- Boil Time — It took a mere 2 minutes, 4 seconds for us to boil water in the MicroRocket. MSR reports a 3 minute, 30 second boil time for the PocketRocket 2, which would make this new model quite a bit faster than the Micro. We'd like to test this ourselves before advertising a boil time, but we're definitely excited to check out this new product and see how it performs.
- Accessory Accommodation — One new perk of the PocketRocket 2 is that it accommodates more pot sizes than the MicroRocket or PocketRocket did before. Included in this is a new folding pot and Titan kettle.
This little rocket is the smallest, lightest stove we tested. We love its versatility and quick boil time and don't hesitate to throw it in our pack for any kind of adventure.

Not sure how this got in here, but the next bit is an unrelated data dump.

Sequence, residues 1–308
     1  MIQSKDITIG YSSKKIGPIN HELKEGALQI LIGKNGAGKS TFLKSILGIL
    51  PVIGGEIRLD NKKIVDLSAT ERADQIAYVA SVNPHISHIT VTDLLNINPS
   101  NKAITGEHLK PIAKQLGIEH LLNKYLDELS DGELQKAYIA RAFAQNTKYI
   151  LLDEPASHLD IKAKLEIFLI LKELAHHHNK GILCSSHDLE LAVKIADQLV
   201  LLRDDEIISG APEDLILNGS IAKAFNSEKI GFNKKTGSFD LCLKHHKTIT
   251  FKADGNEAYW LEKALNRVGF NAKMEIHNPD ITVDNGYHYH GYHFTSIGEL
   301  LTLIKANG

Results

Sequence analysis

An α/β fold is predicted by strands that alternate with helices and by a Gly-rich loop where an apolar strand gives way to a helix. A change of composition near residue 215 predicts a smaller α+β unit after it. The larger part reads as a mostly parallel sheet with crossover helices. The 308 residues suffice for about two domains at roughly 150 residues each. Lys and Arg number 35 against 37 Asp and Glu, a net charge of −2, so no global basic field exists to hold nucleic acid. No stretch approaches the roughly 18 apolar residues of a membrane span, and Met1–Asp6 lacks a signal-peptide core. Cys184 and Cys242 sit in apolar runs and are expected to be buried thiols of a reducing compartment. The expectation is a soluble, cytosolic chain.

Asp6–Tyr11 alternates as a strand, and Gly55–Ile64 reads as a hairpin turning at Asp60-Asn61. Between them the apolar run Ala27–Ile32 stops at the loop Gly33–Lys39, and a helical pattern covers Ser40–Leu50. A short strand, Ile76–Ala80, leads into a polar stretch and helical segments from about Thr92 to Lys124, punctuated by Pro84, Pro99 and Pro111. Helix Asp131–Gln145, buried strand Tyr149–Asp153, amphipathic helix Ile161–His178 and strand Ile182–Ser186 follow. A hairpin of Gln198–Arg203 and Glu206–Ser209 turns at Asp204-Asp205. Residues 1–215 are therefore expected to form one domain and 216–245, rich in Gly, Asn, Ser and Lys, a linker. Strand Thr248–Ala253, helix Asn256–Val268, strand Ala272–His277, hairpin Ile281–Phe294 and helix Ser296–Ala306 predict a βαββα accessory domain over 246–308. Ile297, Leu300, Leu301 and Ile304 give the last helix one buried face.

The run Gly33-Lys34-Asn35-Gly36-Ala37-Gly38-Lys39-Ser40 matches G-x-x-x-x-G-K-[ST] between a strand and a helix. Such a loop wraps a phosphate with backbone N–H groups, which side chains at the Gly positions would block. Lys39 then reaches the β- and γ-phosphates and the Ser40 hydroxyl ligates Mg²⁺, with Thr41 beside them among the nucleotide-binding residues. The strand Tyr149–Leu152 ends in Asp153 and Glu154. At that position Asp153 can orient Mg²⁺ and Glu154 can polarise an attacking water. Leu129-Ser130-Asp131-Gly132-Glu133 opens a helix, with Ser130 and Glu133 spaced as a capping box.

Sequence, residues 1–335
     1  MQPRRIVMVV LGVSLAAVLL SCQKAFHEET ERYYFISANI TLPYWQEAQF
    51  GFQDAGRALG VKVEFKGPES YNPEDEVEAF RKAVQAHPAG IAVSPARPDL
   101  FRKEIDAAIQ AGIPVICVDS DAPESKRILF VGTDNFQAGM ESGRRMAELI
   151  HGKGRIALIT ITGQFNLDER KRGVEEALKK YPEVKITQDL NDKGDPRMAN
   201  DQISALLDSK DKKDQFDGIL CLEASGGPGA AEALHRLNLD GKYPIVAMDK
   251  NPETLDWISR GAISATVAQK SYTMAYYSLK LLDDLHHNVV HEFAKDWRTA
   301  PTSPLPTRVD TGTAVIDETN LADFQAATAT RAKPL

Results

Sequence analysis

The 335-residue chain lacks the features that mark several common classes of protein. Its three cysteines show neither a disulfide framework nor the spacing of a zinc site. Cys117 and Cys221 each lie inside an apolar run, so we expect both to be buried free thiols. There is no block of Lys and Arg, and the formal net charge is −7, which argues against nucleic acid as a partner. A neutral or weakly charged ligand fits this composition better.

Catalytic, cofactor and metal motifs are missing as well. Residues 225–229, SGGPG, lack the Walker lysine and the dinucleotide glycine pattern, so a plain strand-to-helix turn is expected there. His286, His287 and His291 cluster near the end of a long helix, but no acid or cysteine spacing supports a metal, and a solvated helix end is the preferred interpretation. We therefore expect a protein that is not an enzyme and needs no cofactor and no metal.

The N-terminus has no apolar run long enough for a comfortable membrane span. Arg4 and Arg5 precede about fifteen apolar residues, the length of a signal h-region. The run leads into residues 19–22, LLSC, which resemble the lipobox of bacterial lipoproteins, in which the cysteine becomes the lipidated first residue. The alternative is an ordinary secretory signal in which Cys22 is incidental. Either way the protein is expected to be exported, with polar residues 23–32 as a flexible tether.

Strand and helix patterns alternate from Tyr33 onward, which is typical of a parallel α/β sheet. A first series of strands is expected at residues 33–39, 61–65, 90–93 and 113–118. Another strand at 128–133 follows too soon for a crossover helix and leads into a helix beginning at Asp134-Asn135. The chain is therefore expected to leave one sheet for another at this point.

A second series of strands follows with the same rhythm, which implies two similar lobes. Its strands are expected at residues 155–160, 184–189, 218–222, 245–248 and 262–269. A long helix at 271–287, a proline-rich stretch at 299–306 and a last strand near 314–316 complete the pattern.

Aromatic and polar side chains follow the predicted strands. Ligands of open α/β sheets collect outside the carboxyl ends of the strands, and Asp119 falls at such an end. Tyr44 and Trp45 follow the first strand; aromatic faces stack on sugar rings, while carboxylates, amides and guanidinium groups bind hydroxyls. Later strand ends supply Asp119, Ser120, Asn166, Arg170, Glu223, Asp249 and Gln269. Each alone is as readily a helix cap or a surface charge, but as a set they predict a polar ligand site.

Check out the chart below to see how the MSR MicroRocket fared in Overall Performance compared to the other contenders in the backpacking stove category.
The MSR Micro Rocket is more versatile than any of the integrated canister stoves we have tested. You can use any type of pot or frying pan on this stove (within the limits that this small stove can handle — see stability below), allowing for more versatility cooking. The Mircro Rocket has decent simmer control, allowing you to turn down the temperature and simmer things you are cooking. It boils water fast, but when you need a lower heat to cook rice or make something more complicated than pasta, have no fear, the Micro Rocket is here!